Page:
Korean War POW gets final salute
FORT CARSON, Colo. -- Sixty-four years after being declared dead at Valley Number One POW Camp in North Korea, Army Sgt. Floyd J.R. Jackson was returned home to full military honors courtesy of Fort Carson.
Coordinated through the Fort Carson Casualty Assistance Center, 20 Soldiers from 4th Battalion, 9th Infantry Regiment, 1st Stryker Brigade Combat Team, 4th Infantry Division, honored the Korean War hero and his Family with planeside honors at Denver International Airport March 5, 2015. They then served as pallbearers and a firing detail at his memorial service March 7, 2015, at Olinger Chapel Hill Mortuary and Cemetery in Centennial.
"As a veteran, it is an honor to know that a Soldier that we have lost 50-60 years ago, and in some cases 70 years ago, finally can come home and his Family can lay him to rest … it's an honor," said Zita Ephron, mortuary affairs coordinator, Fort Carson Casualty Assistance Center (CAC). "We just make sure that the Soldier comes home."
Jackson, who served with Headquarters Company, 3rd Battalion, 31st Infantry Regiment, 7th Infantry Division, was missing in action after the Battle of Chosin Reservoir and declared dead Feb. 3, 1951.
DNA evidence confirmed Jackson's identification in September and Joint POW/MIA Accounting Command transferred the case to the Fort Carson CAC, which is responsible for a five-state area. The CAC coordinated the arrival of the remains, assigned a casualty assistance officer (CAO) to assist the Jackson Family and work with the funeral home and arranged an honors team.
Caring for Family
Sgt. 1st Class Abel Carrillo said he was notified in February that he was selected to serve as the Jackson Family CAO. He recalled thinking it would be interesting and a privilege to assist the Family in this special time in their lives.
"I was sure (the experience) would help bring closure to the Family," he said.
He joined Michael J. Mee, chief of identifications, Past Conflict Repatriations Branch, Fort Knox, Kentucky, to officially notify the Family of the process leading up to the funeral.
Then Carrillo became the face of the military for the Family, assisting them in completing disposition forms and working contracts with the funeral home to ensure the Family's desires were met.
"From that point on I remained in contact with the Family, keeping them up to date, getting information and helping them set up the funeral arrangements," Carrillo said.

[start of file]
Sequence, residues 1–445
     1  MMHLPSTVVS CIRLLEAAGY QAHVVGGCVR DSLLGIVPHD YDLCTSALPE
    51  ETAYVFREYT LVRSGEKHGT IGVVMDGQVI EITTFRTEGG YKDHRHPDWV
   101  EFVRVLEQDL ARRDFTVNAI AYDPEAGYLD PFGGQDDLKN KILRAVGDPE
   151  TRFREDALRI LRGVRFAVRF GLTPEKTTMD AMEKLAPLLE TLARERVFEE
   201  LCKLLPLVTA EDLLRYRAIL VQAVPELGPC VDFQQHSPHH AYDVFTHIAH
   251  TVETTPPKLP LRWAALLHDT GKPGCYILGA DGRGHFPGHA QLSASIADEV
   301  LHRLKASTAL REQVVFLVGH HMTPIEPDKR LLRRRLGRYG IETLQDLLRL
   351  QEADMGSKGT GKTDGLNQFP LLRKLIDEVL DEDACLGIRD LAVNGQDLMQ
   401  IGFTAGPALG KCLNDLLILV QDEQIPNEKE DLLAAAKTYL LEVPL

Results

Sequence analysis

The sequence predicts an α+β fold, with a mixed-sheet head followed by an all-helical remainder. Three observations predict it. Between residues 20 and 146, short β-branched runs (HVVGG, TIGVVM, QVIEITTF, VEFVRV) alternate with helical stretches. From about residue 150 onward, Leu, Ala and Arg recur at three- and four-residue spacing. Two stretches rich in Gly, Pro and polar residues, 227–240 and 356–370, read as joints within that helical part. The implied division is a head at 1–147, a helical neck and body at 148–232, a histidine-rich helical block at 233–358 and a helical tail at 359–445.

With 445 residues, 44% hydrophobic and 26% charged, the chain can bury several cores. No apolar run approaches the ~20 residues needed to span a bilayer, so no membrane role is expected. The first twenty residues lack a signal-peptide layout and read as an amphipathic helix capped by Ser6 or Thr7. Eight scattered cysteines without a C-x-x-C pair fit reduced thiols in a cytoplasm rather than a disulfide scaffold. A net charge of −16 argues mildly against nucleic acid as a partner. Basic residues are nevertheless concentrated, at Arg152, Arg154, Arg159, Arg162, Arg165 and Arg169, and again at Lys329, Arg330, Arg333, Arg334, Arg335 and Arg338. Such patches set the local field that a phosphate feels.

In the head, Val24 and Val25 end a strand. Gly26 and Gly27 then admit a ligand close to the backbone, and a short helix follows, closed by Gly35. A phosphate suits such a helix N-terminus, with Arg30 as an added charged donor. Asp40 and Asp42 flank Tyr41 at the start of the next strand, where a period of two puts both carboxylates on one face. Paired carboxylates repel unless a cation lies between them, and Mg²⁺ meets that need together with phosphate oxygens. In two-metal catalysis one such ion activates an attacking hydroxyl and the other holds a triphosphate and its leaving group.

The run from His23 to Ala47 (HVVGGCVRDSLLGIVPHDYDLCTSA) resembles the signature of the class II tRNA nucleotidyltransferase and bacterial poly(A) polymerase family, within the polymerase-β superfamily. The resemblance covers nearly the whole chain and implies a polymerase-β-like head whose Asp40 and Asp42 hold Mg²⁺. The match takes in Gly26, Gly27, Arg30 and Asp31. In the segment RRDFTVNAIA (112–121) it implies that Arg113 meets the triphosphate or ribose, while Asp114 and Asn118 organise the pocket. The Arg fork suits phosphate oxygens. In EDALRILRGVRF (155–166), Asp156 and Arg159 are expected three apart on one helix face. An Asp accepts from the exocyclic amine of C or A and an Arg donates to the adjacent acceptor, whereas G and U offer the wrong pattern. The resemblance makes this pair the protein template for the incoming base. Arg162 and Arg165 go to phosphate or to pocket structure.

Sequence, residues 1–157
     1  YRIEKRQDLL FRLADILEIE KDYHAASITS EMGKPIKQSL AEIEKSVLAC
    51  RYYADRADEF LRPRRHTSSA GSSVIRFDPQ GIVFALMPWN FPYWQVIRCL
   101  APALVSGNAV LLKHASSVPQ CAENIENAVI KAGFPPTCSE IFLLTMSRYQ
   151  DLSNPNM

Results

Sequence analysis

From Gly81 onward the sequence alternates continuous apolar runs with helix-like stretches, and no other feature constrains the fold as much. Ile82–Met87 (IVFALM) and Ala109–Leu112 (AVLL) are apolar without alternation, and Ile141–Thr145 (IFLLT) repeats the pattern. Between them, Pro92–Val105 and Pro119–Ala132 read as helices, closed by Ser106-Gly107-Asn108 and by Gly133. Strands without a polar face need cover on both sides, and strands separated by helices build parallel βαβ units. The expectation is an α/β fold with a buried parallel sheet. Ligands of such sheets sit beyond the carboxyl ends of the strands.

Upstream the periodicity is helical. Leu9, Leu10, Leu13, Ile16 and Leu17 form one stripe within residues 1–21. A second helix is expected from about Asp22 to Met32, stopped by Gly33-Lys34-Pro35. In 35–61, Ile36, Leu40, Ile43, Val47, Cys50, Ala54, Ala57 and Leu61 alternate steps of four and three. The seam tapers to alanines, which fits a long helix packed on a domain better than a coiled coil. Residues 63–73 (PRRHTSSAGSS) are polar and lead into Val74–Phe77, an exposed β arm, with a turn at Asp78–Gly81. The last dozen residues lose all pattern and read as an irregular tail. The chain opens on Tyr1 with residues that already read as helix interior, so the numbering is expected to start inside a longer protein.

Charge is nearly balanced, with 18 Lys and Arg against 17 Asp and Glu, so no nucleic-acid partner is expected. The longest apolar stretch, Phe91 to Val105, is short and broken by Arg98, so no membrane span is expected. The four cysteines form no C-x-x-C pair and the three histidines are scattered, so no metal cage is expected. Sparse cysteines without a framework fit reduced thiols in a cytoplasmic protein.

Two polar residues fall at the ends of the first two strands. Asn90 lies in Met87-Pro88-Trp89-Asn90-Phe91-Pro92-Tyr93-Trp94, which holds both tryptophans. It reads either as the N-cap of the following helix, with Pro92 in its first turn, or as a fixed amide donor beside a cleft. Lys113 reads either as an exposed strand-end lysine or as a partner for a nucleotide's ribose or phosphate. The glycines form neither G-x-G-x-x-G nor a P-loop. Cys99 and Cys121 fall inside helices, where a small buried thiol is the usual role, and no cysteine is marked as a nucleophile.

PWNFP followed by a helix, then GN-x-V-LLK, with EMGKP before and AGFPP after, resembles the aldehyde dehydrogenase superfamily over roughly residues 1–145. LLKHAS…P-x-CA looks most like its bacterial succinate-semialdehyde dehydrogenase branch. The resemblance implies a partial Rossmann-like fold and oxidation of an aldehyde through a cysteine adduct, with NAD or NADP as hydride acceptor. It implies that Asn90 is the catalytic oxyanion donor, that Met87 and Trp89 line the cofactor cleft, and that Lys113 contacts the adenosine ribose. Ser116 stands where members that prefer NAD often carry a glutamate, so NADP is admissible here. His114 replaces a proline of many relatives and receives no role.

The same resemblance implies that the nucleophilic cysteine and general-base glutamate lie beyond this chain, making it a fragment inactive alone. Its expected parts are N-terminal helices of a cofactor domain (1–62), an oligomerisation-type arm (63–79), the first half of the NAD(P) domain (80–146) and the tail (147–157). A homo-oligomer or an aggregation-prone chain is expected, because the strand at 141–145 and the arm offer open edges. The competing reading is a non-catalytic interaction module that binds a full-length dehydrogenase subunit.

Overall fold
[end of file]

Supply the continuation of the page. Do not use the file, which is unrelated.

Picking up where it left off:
Full military honors
Jackson's repatriated remains arrived in Colorado in the early morning hours March 5, 2015.
As the Jackson Family waited on the Denver International Airport tarmac, they got the first glimpse of the casket as it emerged from the ramp of the airplane.
Eight Fort Carson Soldiers served as pallbearers as the detail NCO trailed, calling out commands until the casket was securely loaded in a hearse for transport to the funeral home, awaiting the funeral service.
Staff Sgt. Benjamin K. Romiti, NCO in charge of the detail, recalled the events of March 7, 2015, as his team helped lay Jackson to rest.
He said a team of nine Soldiers walked alongside the horse-drawn caisson as it carried Jackson's remains from the chapel to his burial site.
"We provided full military honors once the horse-drawn caisson stopped," he said.
The pallbearer Soldiers made facing movements, pulled the casket from the caisson, walked it in a straight line before setting it on the lowering device, he said. They stood by the casket while the chaplain conducted services and the national anthem played. In unison, the pallbearers pulled the U.S. flag off the casket and held it tight as the firing detail fired volleys.
Taps played, the firing party presented honors as the pallbearer team folded the flag. 1st Lt. Joey Zarella, officer in harge of the detail, presented the flag to Jackson's niece, Joanna Mueller. The pallbearers and firing party marched a few feet away as the ceremony concluded. The group waited until the Family left the burial site before departing.
Romiti said his team of Soldiers will not forget this experience.
"On behalf of my Soldiers, my team, being that we are infantrymen, our normal everyday job is not an honor guard type detail, (but) it was the most honorable thing we probably could do," he said.
The Jackson "story is one of 250,000 that never got to come back, never got closure. The (Jackson) Family got that closure, and that's an amazing thing. We were extremely honored and touched to provide them with the best honors that we could for their loved one," said Romiti.
But it was not easy for Soldiers who have lost brothers in battle.
"It was hard to do," he said. "If you've deployed and lost battle buddies, you know exactly what the volleys sound like, you know what the flag being presented to the loved ones feels like. It's a hard thing to conduct, but you rely on your training and drilling constantly, and you provide the Family the best honors you can. It was pretty amazing to say the least."